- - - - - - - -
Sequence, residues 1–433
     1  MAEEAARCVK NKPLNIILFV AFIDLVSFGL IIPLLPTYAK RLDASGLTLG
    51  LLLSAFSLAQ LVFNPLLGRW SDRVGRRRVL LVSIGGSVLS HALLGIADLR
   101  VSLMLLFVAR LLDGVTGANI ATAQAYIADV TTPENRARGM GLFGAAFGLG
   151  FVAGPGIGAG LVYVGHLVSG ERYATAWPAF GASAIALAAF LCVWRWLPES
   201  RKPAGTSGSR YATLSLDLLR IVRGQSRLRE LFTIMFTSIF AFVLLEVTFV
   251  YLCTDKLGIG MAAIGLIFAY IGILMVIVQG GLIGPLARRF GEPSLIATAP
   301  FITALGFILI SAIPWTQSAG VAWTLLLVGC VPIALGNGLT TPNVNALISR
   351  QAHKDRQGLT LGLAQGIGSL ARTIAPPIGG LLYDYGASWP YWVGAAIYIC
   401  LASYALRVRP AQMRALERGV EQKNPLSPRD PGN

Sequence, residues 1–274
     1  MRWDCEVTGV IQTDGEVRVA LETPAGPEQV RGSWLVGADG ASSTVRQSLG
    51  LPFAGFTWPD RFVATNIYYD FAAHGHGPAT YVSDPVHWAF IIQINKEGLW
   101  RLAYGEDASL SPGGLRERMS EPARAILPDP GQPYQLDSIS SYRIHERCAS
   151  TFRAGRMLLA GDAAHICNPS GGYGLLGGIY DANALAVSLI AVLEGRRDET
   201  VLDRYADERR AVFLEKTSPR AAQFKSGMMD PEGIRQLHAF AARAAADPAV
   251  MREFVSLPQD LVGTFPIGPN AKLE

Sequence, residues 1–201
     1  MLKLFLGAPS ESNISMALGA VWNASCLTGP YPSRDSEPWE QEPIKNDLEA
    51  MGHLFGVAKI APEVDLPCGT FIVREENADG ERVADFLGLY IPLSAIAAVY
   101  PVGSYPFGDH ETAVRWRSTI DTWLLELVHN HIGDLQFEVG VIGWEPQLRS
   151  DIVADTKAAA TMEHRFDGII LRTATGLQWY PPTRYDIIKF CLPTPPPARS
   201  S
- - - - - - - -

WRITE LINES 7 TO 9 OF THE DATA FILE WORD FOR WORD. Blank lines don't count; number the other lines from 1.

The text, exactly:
   251  YLCTDKLGIG MAAIGLIFAY IGILMVIVQG GLIGPLARRF GEPSLIATAP
   301  FITALGFILI SAIPWTQSAG VAWTLLLVGC VPIALGNGLT TPNVNALISR
   351  QAHKDRQGLT LGLAQGIGSL ARTIAPPIGG LLYDYGASWP YWVGAAIYIC